KUALA LUMPUR, June 30 — Brands worldwide spend a huge chunk of their digital marketing budget on platforms such as Facebook and Google. Following the recent protests in the US, many have accused Facebook of allowing incitement of violence on their platform and did little to curb misinformation especially from politicians. It was reported that 99 per cent of Facebook’s US$70 billion (RM300 billion) revenue came from advertising and a new movement was formed to put pressure on the social network which also owns Instagram and WhatsApp.
In order to get Facebook, which is the world’s largest social network with over 2.5 billion monthly active users to take action, a “Stop Hate for Profit” campaign was launched earlier this month. The mission? To get Facebook to be more accountable and to act on hate and disinformation by rallying companies to pause their advertising campaigns. By hitting them where it hurts, the campaign hopes that co-founder and CEO Mark Zuckerberg will take the matter seriously.
At the moment, it was reported that over 160 brands have joined the advertising boycott and this includes large corporations in the US such as Unilever, Coca-Cola, Honda, Adidas, Colgate-Palmolive, Microsoft and Starbucks. Unilever which is a huge FMCG company that owns over 400 brands such as Dove, Knorr, Lipton, Magnum, Rexona and Sunsilk has committed to pausing US spending on Facebook ads for the rest of the year. However, this only accounts for 10 per cent of its overall US$250 million spend annually. Apart from Facebook ads, Unilever is also stopping its ad campaigns on Twitter until the end of the year.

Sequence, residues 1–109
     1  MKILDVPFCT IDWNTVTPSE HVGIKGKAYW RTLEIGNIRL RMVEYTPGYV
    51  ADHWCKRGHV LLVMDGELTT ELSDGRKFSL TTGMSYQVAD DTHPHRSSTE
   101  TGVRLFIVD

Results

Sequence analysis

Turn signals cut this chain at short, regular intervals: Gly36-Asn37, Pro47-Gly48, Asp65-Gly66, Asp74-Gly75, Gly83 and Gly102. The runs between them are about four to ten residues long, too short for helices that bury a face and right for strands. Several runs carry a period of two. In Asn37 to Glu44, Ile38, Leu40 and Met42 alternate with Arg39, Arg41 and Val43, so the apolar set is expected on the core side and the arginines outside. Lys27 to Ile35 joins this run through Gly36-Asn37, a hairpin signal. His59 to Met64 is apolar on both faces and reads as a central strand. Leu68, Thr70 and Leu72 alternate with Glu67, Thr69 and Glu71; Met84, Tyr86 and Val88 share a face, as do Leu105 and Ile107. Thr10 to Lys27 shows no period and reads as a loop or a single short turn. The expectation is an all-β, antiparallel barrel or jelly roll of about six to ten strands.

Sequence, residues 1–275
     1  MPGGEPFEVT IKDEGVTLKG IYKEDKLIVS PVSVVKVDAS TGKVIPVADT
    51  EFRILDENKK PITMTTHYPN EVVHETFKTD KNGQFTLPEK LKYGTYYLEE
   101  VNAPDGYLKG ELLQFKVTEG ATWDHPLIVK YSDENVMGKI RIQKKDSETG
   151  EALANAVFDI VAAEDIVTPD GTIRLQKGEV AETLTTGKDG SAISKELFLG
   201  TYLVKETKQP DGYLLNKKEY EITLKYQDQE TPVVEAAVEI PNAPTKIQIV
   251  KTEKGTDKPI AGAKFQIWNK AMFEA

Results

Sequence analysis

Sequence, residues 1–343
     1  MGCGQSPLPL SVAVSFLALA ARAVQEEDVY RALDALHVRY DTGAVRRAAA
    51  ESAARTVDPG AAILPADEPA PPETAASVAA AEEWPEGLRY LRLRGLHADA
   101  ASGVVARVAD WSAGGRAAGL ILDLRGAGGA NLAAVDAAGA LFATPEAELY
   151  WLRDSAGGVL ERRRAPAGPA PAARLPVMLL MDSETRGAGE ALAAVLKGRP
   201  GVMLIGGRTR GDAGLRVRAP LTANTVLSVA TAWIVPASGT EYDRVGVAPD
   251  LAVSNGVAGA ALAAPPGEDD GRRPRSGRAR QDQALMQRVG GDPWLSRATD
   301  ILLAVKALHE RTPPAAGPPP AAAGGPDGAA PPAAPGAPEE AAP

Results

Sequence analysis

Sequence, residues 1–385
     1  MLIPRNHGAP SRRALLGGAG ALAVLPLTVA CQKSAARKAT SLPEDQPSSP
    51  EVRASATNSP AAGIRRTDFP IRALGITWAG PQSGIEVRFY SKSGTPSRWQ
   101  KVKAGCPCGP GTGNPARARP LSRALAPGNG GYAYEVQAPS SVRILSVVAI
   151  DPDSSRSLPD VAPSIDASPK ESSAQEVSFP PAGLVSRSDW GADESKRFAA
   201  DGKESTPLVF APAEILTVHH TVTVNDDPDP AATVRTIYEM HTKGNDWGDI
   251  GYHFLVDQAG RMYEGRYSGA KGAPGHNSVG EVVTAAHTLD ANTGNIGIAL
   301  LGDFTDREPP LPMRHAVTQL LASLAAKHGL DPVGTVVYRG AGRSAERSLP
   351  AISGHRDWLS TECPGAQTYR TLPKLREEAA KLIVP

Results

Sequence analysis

More brands are expected to jump on the bandwagon. Procter & Gamble is still considering to pull out its ads from Facebook if it decides that social media doesn’t meet its standards of avoiding content that is “hateful, discriminatory or denigrating”. It is also reported that PepsiCo will also stop advertising on Facebook as well as the FOX Business Network. Out of Facebook’s total revenue, it is reported that a quarter came from big companies while the remaining revenue comes from small businesses.
The impact is definitely felt by Zuckerberg as Facebook stocks on Friday had declined by 8.3 per cent which wiped out US$56 billion in market capitalisation. This prompted Facebook to issue a response that it will introduce new measures to ban ads and to label hate speech from politicians. However, that didn’t stop more brands to join the boycott and the campaign is also calling for large European companies to join in. — SoyaCincau